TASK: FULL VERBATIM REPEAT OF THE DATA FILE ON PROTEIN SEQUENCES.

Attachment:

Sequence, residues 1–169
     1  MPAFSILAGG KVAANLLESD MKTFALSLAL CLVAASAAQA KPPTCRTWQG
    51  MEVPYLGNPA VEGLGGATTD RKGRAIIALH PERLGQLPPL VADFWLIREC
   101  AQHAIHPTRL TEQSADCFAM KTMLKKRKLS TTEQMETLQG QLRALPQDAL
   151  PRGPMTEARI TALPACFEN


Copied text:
Sequence, residues 1–169
     1  MPAFSILAGG KVAANLLESD MKTFALSLAL CLVAASAAQA KPPTCRTWQG
    51  MEVPYLGNPA VEGLGGATTD RKGRAIIALH PERLGQLPPL VADFWLIREC
   101  AQHAIHPTRL TEQSADCFAM KTMLKKRKLS TTEQMETLQG QLRALPQDAL
   151  PRGPMTEARI TALPACFEN